The fingerprinting

The first step of applying for US citizenship is to submit fingerprints for a FBI check. We got a letter from the INS a few weeks ago giving us a time to come in so that they could fingerprint us.

Our appointments were an hour apart but the INS guys wouldn't let the wife and me into the building together. The guy at the gate told my wife that she could go in, but that I would have to come back in 40 minutes. Not friendly is it? But then, such coarseness is par for the course at the INS. So, the kids and I sat out in the car. Luckily, the weather was in the 50s, so it was not too bad.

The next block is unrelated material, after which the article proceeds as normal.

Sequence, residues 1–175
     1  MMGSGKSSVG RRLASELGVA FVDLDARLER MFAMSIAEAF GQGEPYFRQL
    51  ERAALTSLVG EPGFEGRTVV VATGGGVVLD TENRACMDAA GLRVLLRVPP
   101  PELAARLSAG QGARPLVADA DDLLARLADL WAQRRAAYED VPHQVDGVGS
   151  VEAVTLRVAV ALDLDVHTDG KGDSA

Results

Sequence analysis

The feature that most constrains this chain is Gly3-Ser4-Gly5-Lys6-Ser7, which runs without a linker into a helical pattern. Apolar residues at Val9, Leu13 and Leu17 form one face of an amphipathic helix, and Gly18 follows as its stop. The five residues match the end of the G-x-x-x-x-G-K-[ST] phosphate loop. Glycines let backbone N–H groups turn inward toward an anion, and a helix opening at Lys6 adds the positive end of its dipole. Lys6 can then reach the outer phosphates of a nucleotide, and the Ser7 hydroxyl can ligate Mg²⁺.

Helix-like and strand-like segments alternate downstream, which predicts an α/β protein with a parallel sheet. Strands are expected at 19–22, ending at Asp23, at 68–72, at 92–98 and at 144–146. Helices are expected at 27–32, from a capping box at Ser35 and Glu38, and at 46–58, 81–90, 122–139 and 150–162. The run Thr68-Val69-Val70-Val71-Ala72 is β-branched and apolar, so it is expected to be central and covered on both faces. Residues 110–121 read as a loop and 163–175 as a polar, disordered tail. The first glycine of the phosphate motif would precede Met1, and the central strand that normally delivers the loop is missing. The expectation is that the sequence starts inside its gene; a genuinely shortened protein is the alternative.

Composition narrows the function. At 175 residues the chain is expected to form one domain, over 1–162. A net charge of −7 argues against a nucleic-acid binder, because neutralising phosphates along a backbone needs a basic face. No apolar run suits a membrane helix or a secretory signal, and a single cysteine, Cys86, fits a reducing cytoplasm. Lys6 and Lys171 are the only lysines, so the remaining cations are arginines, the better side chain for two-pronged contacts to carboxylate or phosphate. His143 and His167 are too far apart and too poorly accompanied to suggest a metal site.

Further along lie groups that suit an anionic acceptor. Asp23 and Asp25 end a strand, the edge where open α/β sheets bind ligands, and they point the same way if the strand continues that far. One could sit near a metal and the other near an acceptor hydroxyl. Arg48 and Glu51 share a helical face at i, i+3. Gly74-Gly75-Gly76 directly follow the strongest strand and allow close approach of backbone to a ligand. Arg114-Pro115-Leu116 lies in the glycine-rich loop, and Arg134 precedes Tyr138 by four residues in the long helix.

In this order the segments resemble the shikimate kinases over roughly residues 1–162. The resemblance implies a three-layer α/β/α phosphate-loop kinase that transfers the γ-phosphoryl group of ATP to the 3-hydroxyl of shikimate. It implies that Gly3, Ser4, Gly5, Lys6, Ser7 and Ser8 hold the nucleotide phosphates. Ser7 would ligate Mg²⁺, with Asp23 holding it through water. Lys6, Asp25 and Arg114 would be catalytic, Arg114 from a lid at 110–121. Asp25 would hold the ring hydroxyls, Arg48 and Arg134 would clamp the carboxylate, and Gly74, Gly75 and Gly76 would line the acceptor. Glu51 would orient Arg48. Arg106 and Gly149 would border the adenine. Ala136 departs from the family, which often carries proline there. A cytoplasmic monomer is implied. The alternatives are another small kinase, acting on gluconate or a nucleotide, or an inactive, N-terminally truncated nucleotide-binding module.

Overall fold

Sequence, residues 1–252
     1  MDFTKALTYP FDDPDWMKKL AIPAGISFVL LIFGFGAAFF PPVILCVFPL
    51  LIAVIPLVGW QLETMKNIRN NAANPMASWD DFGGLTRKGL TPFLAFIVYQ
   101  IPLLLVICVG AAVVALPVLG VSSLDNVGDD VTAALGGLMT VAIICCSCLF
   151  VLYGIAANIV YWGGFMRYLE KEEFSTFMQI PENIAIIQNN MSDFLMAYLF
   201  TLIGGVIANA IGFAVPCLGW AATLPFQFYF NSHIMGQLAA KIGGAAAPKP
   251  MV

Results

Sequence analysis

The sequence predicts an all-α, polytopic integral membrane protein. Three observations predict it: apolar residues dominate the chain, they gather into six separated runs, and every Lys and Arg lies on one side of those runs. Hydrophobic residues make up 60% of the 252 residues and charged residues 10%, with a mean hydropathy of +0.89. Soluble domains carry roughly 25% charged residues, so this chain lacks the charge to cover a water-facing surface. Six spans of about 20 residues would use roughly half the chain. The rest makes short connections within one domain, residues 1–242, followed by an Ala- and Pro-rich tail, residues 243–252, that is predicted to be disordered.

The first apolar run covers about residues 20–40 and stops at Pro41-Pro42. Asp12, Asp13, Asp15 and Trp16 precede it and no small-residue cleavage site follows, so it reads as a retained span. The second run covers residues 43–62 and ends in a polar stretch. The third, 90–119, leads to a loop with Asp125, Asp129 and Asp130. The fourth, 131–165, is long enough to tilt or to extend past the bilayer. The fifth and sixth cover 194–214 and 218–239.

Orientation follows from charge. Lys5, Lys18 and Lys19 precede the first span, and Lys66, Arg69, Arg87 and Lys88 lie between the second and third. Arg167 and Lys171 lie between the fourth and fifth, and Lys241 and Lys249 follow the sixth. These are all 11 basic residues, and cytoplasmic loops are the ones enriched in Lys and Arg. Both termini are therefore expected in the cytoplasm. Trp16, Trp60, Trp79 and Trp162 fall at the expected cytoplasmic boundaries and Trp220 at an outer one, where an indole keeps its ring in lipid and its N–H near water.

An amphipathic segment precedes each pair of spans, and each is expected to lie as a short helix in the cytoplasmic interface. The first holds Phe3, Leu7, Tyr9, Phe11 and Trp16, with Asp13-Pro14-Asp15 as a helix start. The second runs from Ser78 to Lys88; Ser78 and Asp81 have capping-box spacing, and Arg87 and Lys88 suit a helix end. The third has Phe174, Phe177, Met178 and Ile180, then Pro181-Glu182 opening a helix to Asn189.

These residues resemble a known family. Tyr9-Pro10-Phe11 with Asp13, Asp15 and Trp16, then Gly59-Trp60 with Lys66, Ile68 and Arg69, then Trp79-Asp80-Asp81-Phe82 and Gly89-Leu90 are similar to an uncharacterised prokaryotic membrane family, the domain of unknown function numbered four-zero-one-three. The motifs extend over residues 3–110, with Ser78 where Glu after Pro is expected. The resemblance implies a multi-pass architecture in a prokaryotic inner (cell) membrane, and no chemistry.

Anyway, the wife came out and I went in. The fingerprinting was fast and smooth. They had a sophisticated machine that captured the fingerprints in digital form, quickly analyzed each finger's print and asked for a repeat scan if a ridge line was broken or if the prints were smudged. A whole lot better than the old horror stories of waiting months to learn that the first set of prints were no good, so the whole process would have to be repeated.

When I came out to the car, the six-year-old had a question.

"So were you a good guy or a bad guy?," he asked.

I was puzzled. "What good guy? What are you talking about?"

"When they took your fingerprint, did it match?"

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